The World Health Organisation (WHO) has added five new countries to the list of those that are at the highest risk of importing Ebola Sudan that has been spreading in Uganda since September this year.
The countries are the Central African Republic, Ethiopia, Somalia, Sudan, and Djibouti. The global health body, says that they reached this decision after conducting a risk assessment study where they found a lot of cross-border movement into Uganda, which has so far registered confirmed 141 cases with fifty-five deaths resulting from the viral hemorrhagic fever.
These countries join six others including Burundi, the Democratic Republic of the Congo (DRC), Kenya, Rwanda, South Sudan, and Tanzania WHO had given a list of readiness actions to do for prevention but also for managing positive cases in case they are imported.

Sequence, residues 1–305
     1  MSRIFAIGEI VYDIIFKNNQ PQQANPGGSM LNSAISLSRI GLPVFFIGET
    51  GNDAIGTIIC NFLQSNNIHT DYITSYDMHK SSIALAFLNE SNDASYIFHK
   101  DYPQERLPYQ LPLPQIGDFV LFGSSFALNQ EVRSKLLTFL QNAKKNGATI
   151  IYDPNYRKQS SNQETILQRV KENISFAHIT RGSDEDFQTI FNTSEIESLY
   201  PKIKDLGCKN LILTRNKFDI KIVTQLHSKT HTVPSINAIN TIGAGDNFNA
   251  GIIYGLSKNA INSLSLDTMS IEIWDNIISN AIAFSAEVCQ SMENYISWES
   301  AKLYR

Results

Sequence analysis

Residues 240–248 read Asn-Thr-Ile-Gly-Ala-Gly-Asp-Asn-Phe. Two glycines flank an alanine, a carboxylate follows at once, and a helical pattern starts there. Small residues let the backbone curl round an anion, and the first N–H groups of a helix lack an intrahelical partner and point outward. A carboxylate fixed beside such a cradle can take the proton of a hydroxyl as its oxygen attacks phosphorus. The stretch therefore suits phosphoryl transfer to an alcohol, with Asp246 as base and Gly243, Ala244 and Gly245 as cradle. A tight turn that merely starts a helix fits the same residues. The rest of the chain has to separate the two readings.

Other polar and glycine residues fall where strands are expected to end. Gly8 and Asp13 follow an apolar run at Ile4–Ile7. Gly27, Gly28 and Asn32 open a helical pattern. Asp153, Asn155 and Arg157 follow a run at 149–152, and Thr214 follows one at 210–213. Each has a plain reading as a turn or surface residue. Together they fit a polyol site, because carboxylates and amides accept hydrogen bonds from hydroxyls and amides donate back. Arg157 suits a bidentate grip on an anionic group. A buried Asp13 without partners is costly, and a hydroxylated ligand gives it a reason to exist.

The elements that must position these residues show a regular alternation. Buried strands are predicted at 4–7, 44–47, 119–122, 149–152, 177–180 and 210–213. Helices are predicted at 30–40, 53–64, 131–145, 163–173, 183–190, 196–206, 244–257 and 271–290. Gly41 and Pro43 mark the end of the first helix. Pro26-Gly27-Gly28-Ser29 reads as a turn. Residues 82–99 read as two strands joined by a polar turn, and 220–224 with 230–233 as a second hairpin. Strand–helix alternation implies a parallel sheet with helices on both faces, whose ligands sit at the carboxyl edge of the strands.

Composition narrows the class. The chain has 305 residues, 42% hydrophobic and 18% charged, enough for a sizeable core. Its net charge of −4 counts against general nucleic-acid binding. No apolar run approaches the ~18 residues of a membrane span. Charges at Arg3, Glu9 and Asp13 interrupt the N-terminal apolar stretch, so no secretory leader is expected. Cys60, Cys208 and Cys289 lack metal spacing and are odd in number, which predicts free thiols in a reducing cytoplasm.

A WHO statement released on Friday shows that Burundi, for instance, has trained community health workers to conduct surveillance whereas the neighboring DRC has been testing suspected Ebola Sudan cases that have all tested negative.
Rwanda, the organization reports has gone further ahead of others to start setting up Ebola Treatment Units even as no case has tested positive so far. However, while this is happening, Uganda’s Health Minister Dr. Jane Ruth Aceng has said the country is on the way to defeating the virus since the epicenter districts of Kassanda and Mubende have since stopped recording new cases.
While Mubende had spent eighteen days without a new case, one case of a health worker was picked recently, Kassanda hasn’t had any positive case in more than ten days. Aceng says if the status quo remains, Uganda will soon start a countdown to declare the country disease free.
A country has to wait for forty-two days without a new case to be considered free.
She attributes the success to the lockdown in the epicenter and the fact that communities understood that they have a role in countering transmission by helping in contact tracking and reporting any suspicious cases.